(Moderators, please note, EPA press release. Copyright concerns are nil.)

http://yosemite.epa.gov/opa/admpress.nsf/d0cf6618525a9efb85257359003fb69d/ef35bd26a80d6ce3852579600065c94e!OpenDocument

EPA Releases Draft Findings of Pavillion, Wyoming Ground Water Investigation for Public Comment and Independent Scientific Review

Release Date: 12/08/2011
Contact Information: EPA HQ: Larry Jackson, 202-564-0236, [email protected]; EPA Region 8: Richard Mylott, 303-312-6654, [email protected]

(Denver, Colo. December 8, 2011) The U.S. Environmental Protection Agency (EPA) today released a draft analysis of data from its Pavillion, Wyoming ground water investigation. At the request of Pavillion residents, EPA began investigating water quality concerns in private drinking water wells three years ago. Since that time, in conjunction with the state of Wyoming, the local community, and the owner of the gas field, Encana, EPA has been working to assess ground water quality and identify potential sources of contamination.

EPA constructed two deep monitoring wells to sample water in the aquifer. The draft report indicates that ground water in the aquifer contains compounds likely associated with gas production practices, including hydraulic fracturing. EPA also re-tested private and public drinking water wells in the community. The samples were consistent with chemicals identified in earlier EPA results released in 2010 and are generally below established health and safety standards. To ensure a transparent and rigorous analysis, EPA is releasing these findings for public comment and will submit them to an independent scientific review panel. The draft findings announced today are specific to Pavillion, where the fracturing is taking place in and below the drinking water aquifer and in close proximity to drinking water wells production conditions different from those in many other areas of the country.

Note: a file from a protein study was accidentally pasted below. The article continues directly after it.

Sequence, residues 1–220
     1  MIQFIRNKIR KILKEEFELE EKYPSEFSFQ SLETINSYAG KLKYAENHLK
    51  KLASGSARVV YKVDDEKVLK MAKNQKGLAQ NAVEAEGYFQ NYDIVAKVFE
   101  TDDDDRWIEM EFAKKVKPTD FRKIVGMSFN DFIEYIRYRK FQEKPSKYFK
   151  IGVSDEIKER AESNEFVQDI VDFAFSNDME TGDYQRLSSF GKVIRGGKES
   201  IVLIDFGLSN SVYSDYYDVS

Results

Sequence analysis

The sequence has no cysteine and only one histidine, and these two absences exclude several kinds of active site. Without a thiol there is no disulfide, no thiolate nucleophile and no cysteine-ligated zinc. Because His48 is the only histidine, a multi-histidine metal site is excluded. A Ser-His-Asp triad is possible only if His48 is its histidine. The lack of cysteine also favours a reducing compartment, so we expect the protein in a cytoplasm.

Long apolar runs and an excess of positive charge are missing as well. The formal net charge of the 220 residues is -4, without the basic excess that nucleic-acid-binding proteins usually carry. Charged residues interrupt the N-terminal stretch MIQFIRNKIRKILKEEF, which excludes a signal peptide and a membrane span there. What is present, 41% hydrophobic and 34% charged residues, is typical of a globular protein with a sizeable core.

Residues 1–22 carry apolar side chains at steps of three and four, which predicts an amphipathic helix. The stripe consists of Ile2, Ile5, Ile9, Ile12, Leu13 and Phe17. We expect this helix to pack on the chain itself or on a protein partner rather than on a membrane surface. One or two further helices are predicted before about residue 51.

Natural gas plays a key role in our nations clean energy future and the Obama Administration is committed to ensuring that the development of this vital resource occurs safely and responsibly. At the direction of Congress, and separate from this ground water investigation, EPA has begun a national study on the potential impacts of hydraulic fracturing on drinking water resources.